Sergius and Bacchus were third /fourth century Roman soldiers, and lovers. This alone is worth noting in any discussion of homoerotic relationships and the early Christians: in the Roman world, as in most of the Mediterranean region, such relationships were commonplace. What mattered in questions of sexual ethics and social approval (or otherwise) had little to do with the gender of the partners, but with their respective social status.
They were of high social standing, good enough to have a close personal relationship with the emperor, Tertullian. This provoked jealousy. They were also Christians, which gave their enemies a useful pretext to denounce them to the Emperor. He ordered them to offer sacrifice to the Roman gods, which they refused to do. Their refusal provoked the wrath of the emperor, who began to exact a series of penalties, culminating in the sentence of death. The first to be killed was Bacchus, who was flogged to death. Serge was subjected to further torture, before being killed himself. The fifth century “Passion of Sergius and Bacchus” describes many details, and also some supposed miraculous interventions, such as the dead Bacchus appearing to Sergius in a vision, where he admonished his partner for grieving, and promised that they would soon be together again:
Why do you grieve and mourn, brother? If I have been taken away from you in body, I am still with you in the bond of union, chanting and reciting, “I will run the way of thy commandments, when thou shall enlarge my heart”.
Boswell makes two points about the trial and passion of Sergius and Bacchus that are especially relevant to their significance for queer Christians: in all the legal and theological arguments over the charges against them, the matter of their relationship was simply not an issue. The complaint was that they had refused to honour pagan gods. Their sexuality was of no consequence at all. Later, when the Greek hagiographer has the dead Bacchus appear to Sergius to comfort him with the prospect of paradise, the greatest joy of the promised afterlife is to be reunited with his male lover. Neither the Roman jurists, nor the fifth century Christian writer who recorded the passion, have anything at all to say against the relationship – and the Christian celebrates the quality and value of their love.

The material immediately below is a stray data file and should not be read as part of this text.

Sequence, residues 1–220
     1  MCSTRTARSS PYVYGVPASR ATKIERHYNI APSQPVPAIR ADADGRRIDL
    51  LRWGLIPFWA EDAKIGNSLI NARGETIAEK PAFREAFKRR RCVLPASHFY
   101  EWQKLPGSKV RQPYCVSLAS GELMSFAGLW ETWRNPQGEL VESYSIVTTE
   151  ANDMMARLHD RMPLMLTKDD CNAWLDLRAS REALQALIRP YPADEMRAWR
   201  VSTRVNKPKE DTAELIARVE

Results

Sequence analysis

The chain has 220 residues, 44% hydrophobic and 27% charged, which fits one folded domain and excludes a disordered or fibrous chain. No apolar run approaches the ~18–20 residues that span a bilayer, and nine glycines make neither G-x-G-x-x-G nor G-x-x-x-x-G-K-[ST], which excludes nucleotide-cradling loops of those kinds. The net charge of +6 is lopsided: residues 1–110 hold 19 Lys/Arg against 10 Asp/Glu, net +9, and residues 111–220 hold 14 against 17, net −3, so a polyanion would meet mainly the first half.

Sergius and Bacchus & Gay Marriage
It is simply historically untrue that marriage has always been between one man and one woman, or that same-sex marriage is a modern invention. Among many counter-examples that easily disprove that belief, is the tradition of liturgical blessings, in church, of same-sex unions as described by the ground-breaking historical work of John Boswell. While these were not in any way an exact counterpart to modern marriage (nor were heterosexual unions from the same period), they do no need to be considered carefully in modern responses in faith to the questions around marriage and family equality. Sergius and Bacchus are significant here, for being mentioned by name in many of the liturgies for these rites that have survived, along with numerous other, less familiar examples of same-sex couples from church history.
There are also surviving texts of ancient and medieval hymns to the couple. Boswell quotes one from the sixth century, which has the opening verse ,
Of Serge and Bacchus, the pair
filled with grace, let us sing, O ye faithful!
Glory to Him who worketh
through his saints
amazing and wonderful deeds!
The full hymn is too long to quote here in full, but one verse in particular emphasises the importance of their mutual devotion:
It was not desire for this world
that captivated Serge for Christ,
nor the empty life of worldly affairs
[that captivated] Bacchus;
rather, made one
as brethren in the bond of love
they called out valiantly to the tyrant,
“See in two bodies
one soul and and heart,
one will and virtue.
Take those that yearn to please God.
Glory to Him who worketh through his saints amazing and wonderful deeds!
The words “made brethren” in this verse are a reference to the literal translation of the greek name for the rite, that of “making brothers”. This has been taken by some commentators as disproving Boswell’s claim that these rites have any connection to marriage, and are instead simply a joining in spiritual brotherhood. (A claim that Boswell himself anticipated and countered in the text himself).